From the opposite direction comes a list equally as remarkable as that of the American vagrants. Rarer warblers in particular are a major feature of migration on Bardsey. Species recorded include: River Warbler, Pallas's Warbler, Dusky Warbler, Yellow-browed Warbler, Icterine Warbler, Melodious Warbler, Great Reed Warbler, Lanceolated Warbler, Booted Warbler, Subalpine Warbler, Sardinian Warbler, Greenish Warbler, Radde's Warbler, Hume's Warbler, Western Bonelli's Warbler, Barred Warbler, Aquatic Warbler and Eastern Olivaceous Warbler. It's hard to imagine anywhere else in the U.K. having such an impressive collection of warbler species, considering the size of the island.
A whole host of other species have been sighted at various times of the year, including Night Heron, Baillon's Crake, Black-winged Stilt, Alpine Swift, Thrush Nightingale, Isabelline Wheatear, Penduline Tit, Great Snipe, Black-eared Wheatear, Common Rosefinch, Isabelline Shrike, Arctic Redpoll, Collared Flycatcher and Little Bunting, Yellow-breasted Bunting, Black-headed Bunting and Rock Bunting.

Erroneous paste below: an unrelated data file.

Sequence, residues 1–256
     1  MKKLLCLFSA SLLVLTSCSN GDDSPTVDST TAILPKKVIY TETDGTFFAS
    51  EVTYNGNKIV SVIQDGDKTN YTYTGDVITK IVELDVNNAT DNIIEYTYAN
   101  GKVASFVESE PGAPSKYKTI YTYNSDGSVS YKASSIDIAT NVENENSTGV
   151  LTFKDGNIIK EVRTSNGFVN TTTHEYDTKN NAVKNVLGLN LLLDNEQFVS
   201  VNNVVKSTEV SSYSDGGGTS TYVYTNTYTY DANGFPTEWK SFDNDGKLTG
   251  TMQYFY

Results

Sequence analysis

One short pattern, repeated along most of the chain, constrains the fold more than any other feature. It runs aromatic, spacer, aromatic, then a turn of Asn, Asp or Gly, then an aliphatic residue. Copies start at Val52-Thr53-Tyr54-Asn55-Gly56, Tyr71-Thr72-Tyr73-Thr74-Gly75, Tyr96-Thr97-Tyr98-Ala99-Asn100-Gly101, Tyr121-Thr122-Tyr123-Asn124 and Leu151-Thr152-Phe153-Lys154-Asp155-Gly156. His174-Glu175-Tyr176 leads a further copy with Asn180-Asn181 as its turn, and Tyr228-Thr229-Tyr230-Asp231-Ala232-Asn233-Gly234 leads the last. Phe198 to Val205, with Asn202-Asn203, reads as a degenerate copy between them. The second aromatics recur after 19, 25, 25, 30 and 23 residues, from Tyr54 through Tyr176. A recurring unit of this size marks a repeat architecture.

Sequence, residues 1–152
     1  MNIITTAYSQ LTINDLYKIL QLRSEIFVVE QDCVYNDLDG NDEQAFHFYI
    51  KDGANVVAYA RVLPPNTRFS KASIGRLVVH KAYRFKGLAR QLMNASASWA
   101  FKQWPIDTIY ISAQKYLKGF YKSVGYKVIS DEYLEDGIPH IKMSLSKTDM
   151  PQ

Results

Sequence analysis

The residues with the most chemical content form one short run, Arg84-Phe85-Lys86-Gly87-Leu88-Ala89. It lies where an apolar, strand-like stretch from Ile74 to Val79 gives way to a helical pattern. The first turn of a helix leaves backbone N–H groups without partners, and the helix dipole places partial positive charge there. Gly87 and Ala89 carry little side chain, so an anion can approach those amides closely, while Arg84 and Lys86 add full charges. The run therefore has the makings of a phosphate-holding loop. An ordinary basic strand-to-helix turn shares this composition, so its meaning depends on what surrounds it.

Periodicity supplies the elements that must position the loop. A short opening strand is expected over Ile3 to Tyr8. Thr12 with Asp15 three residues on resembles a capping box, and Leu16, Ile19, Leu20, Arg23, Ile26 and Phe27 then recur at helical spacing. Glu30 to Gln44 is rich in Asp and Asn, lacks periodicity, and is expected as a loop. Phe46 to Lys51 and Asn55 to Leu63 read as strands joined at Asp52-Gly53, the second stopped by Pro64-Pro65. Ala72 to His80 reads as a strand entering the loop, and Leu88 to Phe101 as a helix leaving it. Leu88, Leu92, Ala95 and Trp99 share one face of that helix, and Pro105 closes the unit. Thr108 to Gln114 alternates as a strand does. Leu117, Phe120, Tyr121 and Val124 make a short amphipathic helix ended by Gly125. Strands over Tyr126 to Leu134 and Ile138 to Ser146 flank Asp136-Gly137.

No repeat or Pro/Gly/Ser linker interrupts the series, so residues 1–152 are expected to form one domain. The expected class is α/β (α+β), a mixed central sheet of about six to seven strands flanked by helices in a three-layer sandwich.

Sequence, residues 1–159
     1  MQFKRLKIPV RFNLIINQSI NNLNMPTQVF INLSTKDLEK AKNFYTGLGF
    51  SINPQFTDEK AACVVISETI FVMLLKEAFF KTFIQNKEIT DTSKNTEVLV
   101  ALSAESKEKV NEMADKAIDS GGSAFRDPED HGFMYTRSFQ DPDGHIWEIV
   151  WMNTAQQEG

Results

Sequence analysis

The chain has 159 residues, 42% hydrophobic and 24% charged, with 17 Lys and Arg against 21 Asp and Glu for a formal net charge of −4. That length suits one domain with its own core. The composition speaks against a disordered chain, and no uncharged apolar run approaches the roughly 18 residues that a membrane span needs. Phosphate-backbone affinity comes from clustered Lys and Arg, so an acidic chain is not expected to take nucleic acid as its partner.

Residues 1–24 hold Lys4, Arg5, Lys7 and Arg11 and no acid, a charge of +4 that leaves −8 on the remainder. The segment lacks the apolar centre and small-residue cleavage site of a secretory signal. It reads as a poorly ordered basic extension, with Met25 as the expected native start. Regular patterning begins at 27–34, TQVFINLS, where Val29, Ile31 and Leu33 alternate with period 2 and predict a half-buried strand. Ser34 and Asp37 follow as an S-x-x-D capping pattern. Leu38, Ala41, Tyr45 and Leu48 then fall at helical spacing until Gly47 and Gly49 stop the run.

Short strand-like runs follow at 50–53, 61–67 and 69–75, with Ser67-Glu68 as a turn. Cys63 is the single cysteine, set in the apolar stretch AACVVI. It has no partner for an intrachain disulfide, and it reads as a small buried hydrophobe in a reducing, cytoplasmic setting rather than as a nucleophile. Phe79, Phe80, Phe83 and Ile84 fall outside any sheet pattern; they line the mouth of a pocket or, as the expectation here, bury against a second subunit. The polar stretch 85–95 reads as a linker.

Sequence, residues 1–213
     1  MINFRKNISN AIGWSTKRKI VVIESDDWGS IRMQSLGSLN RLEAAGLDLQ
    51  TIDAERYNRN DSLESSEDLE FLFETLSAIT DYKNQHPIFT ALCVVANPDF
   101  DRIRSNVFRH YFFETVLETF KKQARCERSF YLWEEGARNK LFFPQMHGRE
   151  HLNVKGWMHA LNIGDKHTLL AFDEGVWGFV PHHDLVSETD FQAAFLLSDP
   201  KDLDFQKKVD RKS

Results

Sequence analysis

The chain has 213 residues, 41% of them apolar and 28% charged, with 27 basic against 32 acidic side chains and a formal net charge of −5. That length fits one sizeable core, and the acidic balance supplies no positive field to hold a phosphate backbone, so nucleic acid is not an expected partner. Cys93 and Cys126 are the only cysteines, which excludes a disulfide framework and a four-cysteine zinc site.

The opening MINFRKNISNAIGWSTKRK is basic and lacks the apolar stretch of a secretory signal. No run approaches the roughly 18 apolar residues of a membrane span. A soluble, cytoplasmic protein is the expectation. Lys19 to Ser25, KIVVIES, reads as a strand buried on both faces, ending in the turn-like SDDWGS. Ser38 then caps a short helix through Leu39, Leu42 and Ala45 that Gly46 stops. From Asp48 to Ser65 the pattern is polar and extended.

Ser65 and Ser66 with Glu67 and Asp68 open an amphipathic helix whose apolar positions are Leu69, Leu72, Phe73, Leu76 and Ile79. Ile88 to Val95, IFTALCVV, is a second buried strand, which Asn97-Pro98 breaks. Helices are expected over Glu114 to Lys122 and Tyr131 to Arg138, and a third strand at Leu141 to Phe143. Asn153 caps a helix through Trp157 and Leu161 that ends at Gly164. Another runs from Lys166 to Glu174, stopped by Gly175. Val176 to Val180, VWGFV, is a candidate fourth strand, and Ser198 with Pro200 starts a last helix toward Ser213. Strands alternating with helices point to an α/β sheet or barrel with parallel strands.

A striking group of sub-rarities are sighted near annually, including Red-breasted Flycatcher, Ortolan Bunting, Wryneck, Hoopoe, Tawny Pipit, Bee-eater, Honey Buzzard, White Stork, Serin, Firecrest, Woodchat Shrike and Great White Egret.
More typical migrants can be numerous throughout passage periods. Redstart, Lesser Whitethroat, Ring Ouzel, Pied Flycatcher, Spotted Flycatcher, Black Redstart, Wheatear, Whinchat, Turtle Dove, Tree Pipit, Yellow Wagtail, Goldcrest, Brambling, Lapland Bunting and Snow Buntings with Grasshopper Warbler, Sedge Warbler, Garden Warbler and Reed Warbler all regular.
During these busy periods the sea should not be neglected. In the past, birds like the Black-browed Albatross, Fea's Petrel and Little Shearwater have been observed, demonstrating Bardsey's seawatching potential. Slightly more regular species include Sooty, Great and Cory's Shearwater, Long-tailed Skua, Grey Phalarope, Little Auk, Black Guillemot, plus Bonaparte's Gull has occurred.